The settlement comes from an anonymous complaint filed against the county government over access for people with disabilities, particularly the county’s’ lack of a designated ADA coordinator.
According to a statement from the county, that investigation by the US Department of Justice, via the U.S. Attorney’s Office for the Middle District of Pennsylvania, started in 2016.
The county has been in “complete cooperation” during the procedure, according to a statement from U.S. Attorney David Freed’s office.
As part of the final agreement, Holly Sherman, who works in the county’s human resources office, will become the county’s ADA coordinator, Freed’s office said.
The county will also need to publicize the ability of disabled people to contact the ADA coordinator, and implement a grievance procedure for disabled people who have access complaints. The county will also need to make its website more accessible, according to the U.S. Attorney’s Office.
“This agreement demonstrates Cumberland County’s commitment to ensuring that individuals with disabilities will have an equal opportunity to access and participate in the county’s government programs,” Freed said. “With an ADA coordinator, individuals with disabilities will now have a person in the county who can answer their questions, accept accommodations requests, and receive their complaints.”
The county said it has “already addressed most of the concerns raised by the DOJ,” and will be implementing training for employees on how to deal with ADA access issues.
“Cumberland County has and always will be inclusive of everyone, regardless of their race, gender, religion or disability,” said Vince DiFilippo, chairman of the Cumberland County Board of Commissioners. “We were not aware of any ADA compliancy concerns until this complaint was filed, but we have worked in good faith with the Department of Justice to develop a plan to meet all requirements.”
Construction of automotive condominiums to be built on one of Carlisle’s former industrial sites may begin this summer.
Work on the Concours at Carlisle, a development consisting of more than 20 condos designed to store and display automobiles, is expected to begin this summer or early fall, said Mark Galbraith, co-owner of Galbraith Pre-Design.
Galbraith’s company is part owner of the project. The Concours at Carlisle will at the former Masland/IAC site between B and C streets along Carlisle Springs Road.
Galbraith said the condos are expected to be ready for occupancy by spring 2019 in preparation for Carlisle Events’ Spring Auction and Spring Carlisle show in 2019.
“Interest has come from all over — locally, surrounding states, as well as internationally,” he said. “It is going to be a community of passionate collectors. … It’s important to note that there are numerous collector car events in this region, and northeast United States, whose attendees have shown interest. Historically, Carlisle Events has drawn collectors of all types into one place.”
Plans for the Concours at Carlisle were approved by the Carlisle Borough Council in November.
The Concours at Carlisle is also sponsoring Carlisle Auctions’ Spring Carlisle from April 19 to April 21 at the Carlisle Expo Center and will be a seasonlong sponsor for all Pennsylvania-based events put on by Carlisle Events and Carlisle Auctions.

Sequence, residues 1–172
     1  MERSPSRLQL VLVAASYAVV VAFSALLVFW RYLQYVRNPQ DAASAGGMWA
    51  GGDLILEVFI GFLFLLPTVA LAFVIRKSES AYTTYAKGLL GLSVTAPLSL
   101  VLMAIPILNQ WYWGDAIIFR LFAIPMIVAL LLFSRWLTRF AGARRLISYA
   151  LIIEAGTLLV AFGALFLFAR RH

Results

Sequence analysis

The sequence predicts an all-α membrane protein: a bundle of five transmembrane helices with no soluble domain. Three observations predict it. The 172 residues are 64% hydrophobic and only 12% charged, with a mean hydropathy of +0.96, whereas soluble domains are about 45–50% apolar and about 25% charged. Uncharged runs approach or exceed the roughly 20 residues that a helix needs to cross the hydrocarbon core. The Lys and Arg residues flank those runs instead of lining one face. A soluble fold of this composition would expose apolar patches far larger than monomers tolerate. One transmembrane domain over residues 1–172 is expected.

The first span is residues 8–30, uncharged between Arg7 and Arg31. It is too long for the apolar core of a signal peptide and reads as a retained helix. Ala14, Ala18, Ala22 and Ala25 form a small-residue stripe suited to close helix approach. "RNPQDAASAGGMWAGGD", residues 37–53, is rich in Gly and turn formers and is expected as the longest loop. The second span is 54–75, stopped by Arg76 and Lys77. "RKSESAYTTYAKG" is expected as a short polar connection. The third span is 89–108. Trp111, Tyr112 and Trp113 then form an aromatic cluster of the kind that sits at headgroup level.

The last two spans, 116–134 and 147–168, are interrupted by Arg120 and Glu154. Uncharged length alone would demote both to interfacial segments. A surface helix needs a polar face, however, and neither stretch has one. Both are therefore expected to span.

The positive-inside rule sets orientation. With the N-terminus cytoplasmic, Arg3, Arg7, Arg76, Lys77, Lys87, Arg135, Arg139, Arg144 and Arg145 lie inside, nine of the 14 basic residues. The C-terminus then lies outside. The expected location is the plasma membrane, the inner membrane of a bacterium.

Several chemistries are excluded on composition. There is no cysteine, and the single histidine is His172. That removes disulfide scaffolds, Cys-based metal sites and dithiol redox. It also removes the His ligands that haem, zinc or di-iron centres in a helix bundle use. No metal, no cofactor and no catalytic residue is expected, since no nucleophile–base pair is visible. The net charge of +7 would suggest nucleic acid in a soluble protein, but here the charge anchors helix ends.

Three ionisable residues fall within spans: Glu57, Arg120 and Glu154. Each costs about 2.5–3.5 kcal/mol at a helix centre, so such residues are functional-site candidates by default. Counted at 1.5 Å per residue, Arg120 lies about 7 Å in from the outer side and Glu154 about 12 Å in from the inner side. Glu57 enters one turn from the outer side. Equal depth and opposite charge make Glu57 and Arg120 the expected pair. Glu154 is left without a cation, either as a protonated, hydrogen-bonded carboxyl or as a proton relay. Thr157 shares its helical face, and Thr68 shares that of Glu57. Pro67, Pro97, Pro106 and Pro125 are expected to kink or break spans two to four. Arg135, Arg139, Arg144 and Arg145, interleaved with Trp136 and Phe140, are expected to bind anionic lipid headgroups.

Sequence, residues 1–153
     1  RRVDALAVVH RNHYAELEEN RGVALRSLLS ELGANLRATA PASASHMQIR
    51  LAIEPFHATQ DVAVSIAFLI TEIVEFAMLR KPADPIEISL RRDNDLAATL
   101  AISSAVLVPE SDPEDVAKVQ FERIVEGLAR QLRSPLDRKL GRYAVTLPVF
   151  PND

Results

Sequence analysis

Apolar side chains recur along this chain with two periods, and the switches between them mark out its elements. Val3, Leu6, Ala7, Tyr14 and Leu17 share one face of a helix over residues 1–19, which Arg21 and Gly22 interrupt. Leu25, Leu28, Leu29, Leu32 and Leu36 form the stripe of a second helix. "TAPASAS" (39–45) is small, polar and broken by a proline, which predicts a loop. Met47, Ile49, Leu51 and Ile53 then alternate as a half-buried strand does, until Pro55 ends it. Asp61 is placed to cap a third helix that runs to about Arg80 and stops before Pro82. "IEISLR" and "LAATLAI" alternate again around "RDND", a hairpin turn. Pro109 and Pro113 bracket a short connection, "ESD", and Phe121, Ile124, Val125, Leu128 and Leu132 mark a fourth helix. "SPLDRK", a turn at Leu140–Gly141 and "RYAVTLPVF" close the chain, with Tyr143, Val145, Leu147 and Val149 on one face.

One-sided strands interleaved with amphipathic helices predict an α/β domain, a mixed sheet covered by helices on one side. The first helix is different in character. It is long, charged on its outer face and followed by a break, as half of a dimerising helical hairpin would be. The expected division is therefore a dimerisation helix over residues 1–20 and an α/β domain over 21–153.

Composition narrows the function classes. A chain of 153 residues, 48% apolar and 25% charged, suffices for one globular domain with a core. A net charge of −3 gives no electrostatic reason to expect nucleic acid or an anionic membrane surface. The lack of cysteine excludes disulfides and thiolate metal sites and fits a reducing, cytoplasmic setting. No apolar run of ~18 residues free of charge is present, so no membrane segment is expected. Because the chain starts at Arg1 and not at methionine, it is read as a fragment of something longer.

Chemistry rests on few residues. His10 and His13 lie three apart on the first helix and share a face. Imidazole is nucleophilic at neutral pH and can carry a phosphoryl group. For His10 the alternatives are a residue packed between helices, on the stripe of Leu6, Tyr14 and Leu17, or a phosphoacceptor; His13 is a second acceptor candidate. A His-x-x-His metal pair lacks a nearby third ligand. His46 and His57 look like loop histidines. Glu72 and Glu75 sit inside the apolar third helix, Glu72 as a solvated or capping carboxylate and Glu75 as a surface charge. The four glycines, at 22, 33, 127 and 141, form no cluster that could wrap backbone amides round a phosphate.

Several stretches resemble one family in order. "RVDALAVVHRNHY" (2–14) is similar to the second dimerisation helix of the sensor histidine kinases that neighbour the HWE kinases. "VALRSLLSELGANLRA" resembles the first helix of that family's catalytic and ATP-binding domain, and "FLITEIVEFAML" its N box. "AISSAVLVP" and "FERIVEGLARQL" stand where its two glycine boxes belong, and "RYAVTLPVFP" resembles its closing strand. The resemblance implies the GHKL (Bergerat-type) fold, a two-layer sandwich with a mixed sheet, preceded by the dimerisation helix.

Each legislative session thousands of bills and amendments are introduced in the Pennsylvania Legislature. Only a fraction become law, and an even smaller portion receive wide media coverage.
These bills impact the lives of people living in Pennsylvania every day.
Each week The Sentinel will highlight one bill that has not received widespread attention.
About the bill
In Pennsylvania, when law enforcement believe items are associated with certain criminal acts or have been purchased with the proceeds of those criminal acts, those items can be seized through a process known as civil asset forfeiture.
The property being seized can range from cash to homes or real estate and the owner being charged with a crime is not a requirement.
Since the process is a civil matter, the people who own the belongings are allowed to have an attorney present but are not guaranteed one if they are unable to afford it, as is required in the criminal system when a defendant is facing a possibility of imprisonment.
In fact, the proceedings are executed against the items themselves, and the owner must petition the court to even become a party to the case.
For example, if police seize a Sony Playstation they believe was purchased with money gained from selling drugs, the case docket would read something along the lines of Commonwealth of Pennsylvania vs. Sony Playstation.
The owner of the game system would need to petition the court to be allowed to argue that it shouldn’t be taken.
Sen. Sharif Street, D-Philadelphia, has introduced a bill that would guarantee legal counsel in some civil asset forfeiture cases.
Senate bill 941 would require counties to appoint legal counsel for anyone who has standing to contest a civil asset forfeiture case but does not have the money to hire an attorney and the property being seized is real property, like a home or land.
The bill would also allow the same appointment of counsel for anyone who has not been charged with a crime when any property is seized and they cannot afford to pay for an attorney.
Legal fees would be paid for through a new $2.25 fee for all civil filings, according to the bill.
The Cumberland County District Attorney’s Office collects roughly about $400,000 a year from civil asset forfeiture and in roughly 25 percent of the cases the person whose items were seized was not convicted of a crime, according a 2015 report issued by the ACLU of Pennsylvania.